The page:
Then there’s Toomes, played by Michael Keaton. Not surprisingly, Keaton turns in a great performance as the main villain. Toomes successfully manages to be both a brutal antagonist and very much human. Not to dive too far into his motivations, the best villains are the ones who think they are the hero of the story, and Toomes clearly believes this. The MCU tends to get knocked for having a villain problem, but that isn’t the case here.
Unfortunately, beyond the three above, no characters introduced to the Marvel franchise are worth writing home about. Peter’s love interest, Liz, is nothing more than an object to either be desired or saved. Flash is fine as a corny high school bully, but that’s all he is. Aunt May seems wildly underutilized and only needed to exist to let the audience know Peter had a guardian.
Given that “Homecoming” is set in the MCU, it struggles with the usual question: there’s so many powerful heroes out there… Why not call one of them? The presence of Iron Man vets Robert Downey Jr and Jon Favreau could have turned out to be overpowering and distracting, but they actually prove to benefit the plot. Stark is used just enough as a father figure and guardian angel for Parker while giving some grounding to the proceedings, going so far as to state that Parker’s battle with Toomes was “below [The Avengers’] pay grade.” It’s a smart inclusion in a world that needs a number of conceits to be even remotely believable.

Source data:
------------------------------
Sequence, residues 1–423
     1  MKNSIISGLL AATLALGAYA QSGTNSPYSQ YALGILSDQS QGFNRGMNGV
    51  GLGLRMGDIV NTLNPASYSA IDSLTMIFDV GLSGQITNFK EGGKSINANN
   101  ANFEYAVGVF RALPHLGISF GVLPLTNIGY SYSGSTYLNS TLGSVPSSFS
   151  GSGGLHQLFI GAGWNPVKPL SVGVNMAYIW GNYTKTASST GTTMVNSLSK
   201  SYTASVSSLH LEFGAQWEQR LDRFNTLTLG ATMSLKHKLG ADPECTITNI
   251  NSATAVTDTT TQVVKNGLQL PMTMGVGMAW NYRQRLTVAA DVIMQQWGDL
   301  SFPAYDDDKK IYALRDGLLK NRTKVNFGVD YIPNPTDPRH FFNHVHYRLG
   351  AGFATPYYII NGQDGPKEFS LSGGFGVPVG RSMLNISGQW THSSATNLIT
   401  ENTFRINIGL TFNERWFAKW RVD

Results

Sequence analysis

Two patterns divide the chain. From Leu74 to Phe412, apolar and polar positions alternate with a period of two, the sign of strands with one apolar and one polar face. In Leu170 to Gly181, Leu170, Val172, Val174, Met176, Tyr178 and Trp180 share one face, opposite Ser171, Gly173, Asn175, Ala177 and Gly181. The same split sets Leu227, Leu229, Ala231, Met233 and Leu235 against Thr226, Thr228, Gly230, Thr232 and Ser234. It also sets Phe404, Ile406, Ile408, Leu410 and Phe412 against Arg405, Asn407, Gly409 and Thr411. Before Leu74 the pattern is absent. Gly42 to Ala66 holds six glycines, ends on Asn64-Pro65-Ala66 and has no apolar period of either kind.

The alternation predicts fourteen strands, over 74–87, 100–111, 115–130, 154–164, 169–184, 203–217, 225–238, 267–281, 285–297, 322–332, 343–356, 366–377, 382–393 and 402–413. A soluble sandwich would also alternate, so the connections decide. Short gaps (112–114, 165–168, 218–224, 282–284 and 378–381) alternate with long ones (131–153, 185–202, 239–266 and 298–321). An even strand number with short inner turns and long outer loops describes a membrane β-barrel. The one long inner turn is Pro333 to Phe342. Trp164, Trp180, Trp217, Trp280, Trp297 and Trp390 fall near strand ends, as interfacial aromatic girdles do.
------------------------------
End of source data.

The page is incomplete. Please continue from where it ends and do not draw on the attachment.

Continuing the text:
Beyond the superhero fare, watching Parker being a high school nerd is a surprisingly large amount of the action, and if you like those John Hughes movies, you’re going to enjoy this. Clear inspiration is being drawn from those movies, although it was nice when the movie was just winking and nudging as opposed to flat out plastering it on the screen as it happened with a “Ferris Bueller” reference.
“Spider-Man: Homecoming” is just a ton of fun, period. Whether it be watching Parker bumble around as Spider-Man or as a high school sophomore, I enjoyed the ride start to finish. The movie shares a lot of DNA with “Ant-Man” in that it successfully makes a fun movie that just happens to include some superhero stuff too. Sure, there are a few throwaway characters and better use could have been made of its resources, but “Homecoming” nails the important stuff, namely its hero and villain. A-